[conspire] VNC through a secure channel

Ruben Safir ruben at mrbrklyn.com
Mon Aug 25 21:06:46 PDT 2008

On Mon, Aug 25, 2008 at 09:14:13PM +0000, Daniel Gimpelevich wrote:
> On Mon, 25 Aug 2008 00:57:24 -0400, Ruben Safir wrote:
> > No doubt, but I desagree that this should be done.  I want to right a
> > real application, not an AJAX Javascript ram everything through apache
> > with fiddlestix thing.
> > 
> > First, this is only the first phase of this application which I hope
> > will fund more aspects to it.
> > 
> > Secondly, all those fiddlestix aren't GNU Complient, or built on
> > universal standards.  The google stuff is actually multiple applications
> > written in parallel for multiple clients, and frankly I HATE THE
> I couldn't agree more with the above assessment, but then, I'm always 
> biased against abuses of Moore's Law.
> > In healthcare the applications have been running out of the browser for
> > years, and I hate them all.
> > 
> > X is perfectly capable of projecting itself across the net, with and
> > without VNC, the issue is only bandwidth and security.  And that is what
> > I'm looking for expertise in.
> Part of the point of VNC is to eliminate the requirement of X, so that 
> non-X GUI's can interoperate, at the expense of major bandwidth.

actually VNC does something I don't completely understand.  It displays
and entire X desktop remotely completely and it shows up as a fresh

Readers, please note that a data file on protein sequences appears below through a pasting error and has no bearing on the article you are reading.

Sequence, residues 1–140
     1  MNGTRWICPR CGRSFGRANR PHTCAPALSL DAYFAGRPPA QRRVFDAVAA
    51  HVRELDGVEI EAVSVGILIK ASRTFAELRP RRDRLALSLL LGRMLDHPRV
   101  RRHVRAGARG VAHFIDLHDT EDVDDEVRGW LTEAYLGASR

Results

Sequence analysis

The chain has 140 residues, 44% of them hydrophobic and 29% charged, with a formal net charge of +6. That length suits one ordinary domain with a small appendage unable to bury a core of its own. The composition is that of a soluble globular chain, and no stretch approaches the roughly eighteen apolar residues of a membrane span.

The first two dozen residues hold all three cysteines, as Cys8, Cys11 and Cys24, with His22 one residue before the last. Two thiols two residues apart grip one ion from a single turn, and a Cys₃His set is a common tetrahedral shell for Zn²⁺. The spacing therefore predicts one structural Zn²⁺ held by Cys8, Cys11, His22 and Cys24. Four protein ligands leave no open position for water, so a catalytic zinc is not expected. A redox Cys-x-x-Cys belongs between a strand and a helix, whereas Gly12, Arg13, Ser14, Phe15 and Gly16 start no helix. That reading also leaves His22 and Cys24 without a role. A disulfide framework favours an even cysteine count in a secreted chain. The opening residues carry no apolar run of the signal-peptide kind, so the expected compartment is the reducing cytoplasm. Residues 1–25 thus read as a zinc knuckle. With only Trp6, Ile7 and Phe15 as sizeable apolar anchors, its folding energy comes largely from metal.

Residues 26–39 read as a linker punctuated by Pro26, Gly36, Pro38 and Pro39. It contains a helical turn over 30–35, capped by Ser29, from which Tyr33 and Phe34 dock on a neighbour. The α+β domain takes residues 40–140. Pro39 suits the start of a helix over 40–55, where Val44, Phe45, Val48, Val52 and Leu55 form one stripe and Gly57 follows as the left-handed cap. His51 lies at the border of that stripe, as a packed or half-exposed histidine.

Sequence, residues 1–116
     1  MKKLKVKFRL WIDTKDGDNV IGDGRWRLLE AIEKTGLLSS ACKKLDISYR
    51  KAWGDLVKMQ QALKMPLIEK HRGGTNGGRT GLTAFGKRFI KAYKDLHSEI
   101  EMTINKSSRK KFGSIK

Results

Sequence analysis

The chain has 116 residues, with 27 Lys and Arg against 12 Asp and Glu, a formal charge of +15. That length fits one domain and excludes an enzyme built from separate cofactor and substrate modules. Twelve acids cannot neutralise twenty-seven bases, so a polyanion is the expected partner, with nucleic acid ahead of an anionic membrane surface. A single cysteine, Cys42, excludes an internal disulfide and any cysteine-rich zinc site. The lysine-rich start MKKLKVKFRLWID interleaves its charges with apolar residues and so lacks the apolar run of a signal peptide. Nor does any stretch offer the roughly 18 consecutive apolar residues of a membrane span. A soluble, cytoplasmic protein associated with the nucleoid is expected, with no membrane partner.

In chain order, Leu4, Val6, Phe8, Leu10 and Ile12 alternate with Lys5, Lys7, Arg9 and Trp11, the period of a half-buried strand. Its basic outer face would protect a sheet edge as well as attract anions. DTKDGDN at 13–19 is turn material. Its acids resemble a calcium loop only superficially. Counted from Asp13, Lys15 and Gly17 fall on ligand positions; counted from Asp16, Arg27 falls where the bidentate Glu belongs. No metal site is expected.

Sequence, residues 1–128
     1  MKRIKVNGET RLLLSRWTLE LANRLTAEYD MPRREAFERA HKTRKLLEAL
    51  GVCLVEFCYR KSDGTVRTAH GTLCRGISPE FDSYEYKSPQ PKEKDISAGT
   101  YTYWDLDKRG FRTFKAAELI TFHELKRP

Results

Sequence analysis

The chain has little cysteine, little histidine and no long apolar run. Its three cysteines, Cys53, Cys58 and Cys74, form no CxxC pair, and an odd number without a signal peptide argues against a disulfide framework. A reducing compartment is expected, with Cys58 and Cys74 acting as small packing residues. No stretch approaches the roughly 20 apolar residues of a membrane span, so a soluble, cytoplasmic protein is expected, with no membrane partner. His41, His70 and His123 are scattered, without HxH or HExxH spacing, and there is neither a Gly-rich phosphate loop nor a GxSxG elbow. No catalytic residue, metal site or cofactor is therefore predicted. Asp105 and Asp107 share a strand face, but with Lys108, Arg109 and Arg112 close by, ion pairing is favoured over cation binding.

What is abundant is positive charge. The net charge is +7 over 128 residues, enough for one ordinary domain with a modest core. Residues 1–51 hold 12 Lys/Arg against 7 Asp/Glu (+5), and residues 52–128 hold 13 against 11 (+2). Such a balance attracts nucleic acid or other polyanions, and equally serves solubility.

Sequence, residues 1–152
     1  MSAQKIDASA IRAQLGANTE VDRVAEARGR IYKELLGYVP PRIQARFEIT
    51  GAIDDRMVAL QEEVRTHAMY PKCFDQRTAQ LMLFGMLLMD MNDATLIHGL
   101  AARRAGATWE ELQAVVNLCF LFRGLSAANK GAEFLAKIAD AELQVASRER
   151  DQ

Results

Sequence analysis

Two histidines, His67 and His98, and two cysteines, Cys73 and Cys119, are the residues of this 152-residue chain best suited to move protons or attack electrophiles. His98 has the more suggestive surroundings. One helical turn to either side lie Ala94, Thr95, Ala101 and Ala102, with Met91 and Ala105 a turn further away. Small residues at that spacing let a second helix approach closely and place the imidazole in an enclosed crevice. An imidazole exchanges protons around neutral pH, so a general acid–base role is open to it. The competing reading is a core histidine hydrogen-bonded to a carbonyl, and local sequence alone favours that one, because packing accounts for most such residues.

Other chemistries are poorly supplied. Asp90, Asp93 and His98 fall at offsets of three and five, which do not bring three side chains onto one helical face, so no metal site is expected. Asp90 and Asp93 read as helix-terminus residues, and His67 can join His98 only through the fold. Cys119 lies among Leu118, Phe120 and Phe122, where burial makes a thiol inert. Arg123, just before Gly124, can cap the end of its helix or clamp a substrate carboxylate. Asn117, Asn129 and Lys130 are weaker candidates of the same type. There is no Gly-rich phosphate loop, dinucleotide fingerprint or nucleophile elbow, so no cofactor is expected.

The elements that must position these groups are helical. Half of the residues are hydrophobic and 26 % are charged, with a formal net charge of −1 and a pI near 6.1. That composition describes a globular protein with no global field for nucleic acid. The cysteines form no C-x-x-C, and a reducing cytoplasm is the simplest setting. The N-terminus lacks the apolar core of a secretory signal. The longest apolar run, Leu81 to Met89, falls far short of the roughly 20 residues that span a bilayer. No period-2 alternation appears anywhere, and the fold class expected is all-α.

display faster than I've seen X do it over the network.  It seems to
have a virtual port.

> > They don't have to install VNC.  X11 runs through the browser through a
> > Java Applet.  Eventually you hope for people to upgrade and then you can
> > sell appliances.
> If you are even considering X11 over Java using something like WeirdX, 
> know that it is *glacially* slow. Also, if you see fit to remove the 
> browser from the equation, removing Java as well should be a no-brainer.

All the vnc implementations I've seen thus far have a browser based port
which is pretty fast and runs off of Java.

> > Overall, this is software as a service like google docs, but without the
> > browser based restrictions.
> It can be either software-as-a-service like the Google Apps, or software 
> that runs locally, but whatever you do, don't make it both at the same 
> time, because that is quite guaranteed to be the worst of both worlds.

We definetely want it run off the server although it should work as a
stand alone without problems as well, but good luck in keeping the
databases up to date.

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